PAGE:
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The 7 Fundamentals of Documenting Your Travels

Don't Let Your Travel Memories Evaporate Once You're Home

The 7 Fundamentals of Documenting Your Travels

One of the biggest mistakes in travel is assuming you'll "never forget" a particular moment or feeling. From launching out of a plane for a skydive, to swimming in moonlit waterfalls, to rowdy nights out on Khao San Road, to that final step up Kilimanjaro  ¾ and a million other memories in between. Big and small, epic or delicate.

The question is, how do we document and preserve these travel experiences, not only to share with others but also for ourselves? There are a few easy things to do on any trip to properly document and preserve important details, memories and experiences so that your travels can stay with you long after you've returned home.

1. BE A JOURNALIST: Keep a notebook

Photo credit: João & Raquel

A notebook is an indispensable item in a traveler's bag. Keep it handy at all times to jot down where you went, when, with whom and what you did.

Take notes on a daily basis so you won't find yourself wondering the name of that dish, or who this person in your photo is or what lake that was.

Tip: Keep the books thin and light, and take new notebooks on each trip to not only stay organized, but also to keep your old notes safe and save space.

2. Keep a scrapbook

Photo credit: Danny Hope

But not your grandmother’s scrapbook. I mean something — anything — to contain information you pick up along the way. It could be a folder, or even just a Ziploc bag. But each time you pick up information, store it all in the same place. Keep flyers, business cards, receipts and more of hostels, restaurants, attractions and businesses you visited.

This way you begin to catalogue where you've been and can easily access websites, emails, and social media sites for these places. Plus, correct spellings or proper names are readily available.

Tip: Make notes on the cards — especially personal ones you collect from people — as to how or where you met them, and if or why you'd want to contact them. If you can, snap a picture with or of the person and note on the card the file number on your camera.

3: BE A PHOTOGRAPHER: Capture a sense of place

Photo credit: Kate Siobhan

Truly documenting a place takes a lot more than just snapping a few shots of the street. What gives a sense of place? Most easily, it's the activity taking place outdoors, on the streets — from lively markets, to farmers at work, to women balancing colorful jugs of water on their heads. Ask yourself what scenes you'll recall most fondly later and try to capture some of those moments. Here are a few things to consider when doing this:

Look for things that really shout out the name of where you are. A sense of place is built on multiple layers of culture: people, movement, food, scents, colors, clothing, music and much more. If you can isolate a few things into an image, you can begin to show others what the place is truly like.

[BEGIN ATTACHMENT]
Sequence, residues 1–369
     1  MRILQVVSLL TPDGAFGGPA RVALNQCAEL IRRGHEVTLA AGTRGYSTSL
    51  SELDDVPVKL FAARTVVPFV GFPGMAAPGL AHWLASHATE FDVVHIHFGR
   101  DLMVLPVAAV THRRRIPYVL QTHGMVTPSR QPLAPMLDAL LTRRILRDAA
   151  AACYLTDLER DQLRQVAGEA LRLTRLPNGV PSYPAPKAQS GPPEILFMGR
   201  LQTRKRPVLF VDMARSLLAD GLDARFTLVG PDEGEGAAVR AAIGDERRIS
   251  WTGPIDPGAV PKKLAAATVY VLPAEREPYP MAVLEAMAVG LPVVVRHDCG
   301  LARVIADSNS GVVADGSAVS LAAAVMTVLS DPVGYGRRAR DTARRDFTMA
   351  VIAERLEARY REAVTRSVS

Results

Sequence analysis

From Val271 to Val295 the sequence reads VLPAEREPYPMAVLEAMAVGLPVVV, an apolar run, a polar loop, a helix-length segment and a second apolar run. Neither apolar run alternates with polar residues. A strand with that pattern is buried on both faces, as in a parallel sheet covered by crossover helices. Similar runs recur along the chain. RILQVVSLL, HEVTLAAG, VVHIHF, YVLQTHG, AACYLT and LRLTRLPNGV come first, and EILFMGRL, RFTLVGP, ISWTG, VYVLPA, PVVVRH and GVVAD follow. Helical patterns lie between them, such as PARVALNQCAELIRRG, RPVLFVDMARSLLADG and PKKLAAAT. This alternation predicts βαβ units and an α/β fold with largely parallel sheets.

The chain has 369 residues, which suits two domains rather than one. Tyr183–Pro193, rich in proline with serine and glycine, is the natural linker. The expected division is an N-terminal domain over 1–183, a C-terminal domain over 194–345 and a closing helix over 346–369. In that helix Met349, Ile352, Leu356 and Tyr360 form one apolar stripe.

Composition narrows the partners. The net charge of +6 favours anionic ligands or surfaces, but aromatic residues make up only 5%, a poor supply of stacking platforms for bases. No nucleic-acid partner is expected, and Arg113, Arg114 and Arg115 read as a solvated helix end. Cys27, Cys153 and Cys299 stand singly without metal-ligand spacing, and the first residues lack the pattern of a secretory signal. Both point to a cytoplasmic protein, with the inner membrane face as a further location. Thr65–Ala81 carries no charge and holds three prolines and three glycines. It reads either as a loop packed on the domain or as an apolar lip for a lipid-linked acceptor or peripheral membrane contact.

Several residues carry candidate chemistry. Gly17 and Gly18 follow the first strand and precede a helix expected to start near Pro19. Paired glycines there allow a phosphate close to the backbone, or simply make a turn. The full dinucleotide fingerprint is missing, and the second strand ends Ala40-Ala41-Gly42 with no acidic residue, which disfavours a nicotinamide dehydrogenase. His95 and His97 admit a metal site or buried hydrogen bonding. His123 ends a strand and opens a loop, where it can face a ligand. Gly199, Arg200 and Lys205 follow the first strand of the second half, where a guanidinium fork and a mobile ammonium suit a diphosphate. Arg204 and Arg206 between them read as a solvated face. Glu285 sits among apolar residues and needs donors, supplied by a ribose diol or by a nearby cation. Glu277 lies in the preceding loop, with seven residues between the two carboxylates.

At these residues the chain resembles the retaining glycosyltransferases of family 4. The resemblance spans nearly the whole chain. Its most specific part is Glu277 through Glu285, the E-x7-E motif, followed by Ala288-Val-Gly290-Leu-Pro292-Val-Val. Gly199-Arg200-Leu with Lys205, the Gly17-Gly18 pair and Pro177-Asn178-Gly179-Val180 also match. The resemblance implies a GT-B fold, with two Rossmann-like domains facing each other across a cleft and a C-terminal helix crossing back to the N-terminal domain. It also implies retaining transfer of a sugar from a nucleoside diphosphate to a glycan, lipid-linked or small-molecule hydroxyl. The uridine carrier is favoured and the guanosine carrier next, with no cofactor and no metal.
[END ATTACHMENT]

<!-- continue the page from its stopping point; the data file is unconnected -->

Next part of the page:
Tip: Respect for the locals is a huge factor in this process. If you get glares or feel uncomfortable, stop and try again on a different street or from a different perspective.

4. Document the people

Photo credit: Kate Siobhan

This is probably the hardest thing for most people to do. We get very nervous approaching people, but often if you're smiling, polite and willing to show them the image, you can get far. The golden rule is: Always ask first. It's as easy as lifting your camera and saying, "Foto?" which is understood in most languages. If they oblige, here are some quick tips:

Tip: When in doubt, fire several different kinds of shots (close up, pulled back, midway) and decide later.

5. Document the details

Photo credit: Kate Siobhan

The little details are the first things you'll forget later on. Some things to include:

Tip: Learn to look for details by going out for walks specifically just to look around (no destination, nowhere to be). Just look. Note these details and come back later to try and capture some.

6. BE A STORYTELLER: Journal

Photo credit: Aya Padron

It's not the same as a notebook. The journal is where you put your personal experiences along the way. Take time to reflect and process. Write your questions, thoughts, hopes, growth, victories, joys, urges and more.

Tip: Do it alone and give yourself time. You'll thank yourself later.

7. Share

Photo credit: Lucas Jans

Whether your purpose is an article, a series of blog posts, Facebook or an old-fashioned slideshow in your living room, you have a story to share. You went, you saw, you experienced. By documenting the trip from so many angles, you'll have heaps of material to pull from to help you paint a full and descriptive picture of your journey.

The next time you travel, be sure to properly document like a pro and you'll be able to really transport yourself — and anyone else you'd like to bring along — right back there with you.




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Kate Siobhan

Kate Siobhan is a Vancouver-Based writer and photographer, as well as contributing editor at Matador and lead photo faculty at MatadorU.
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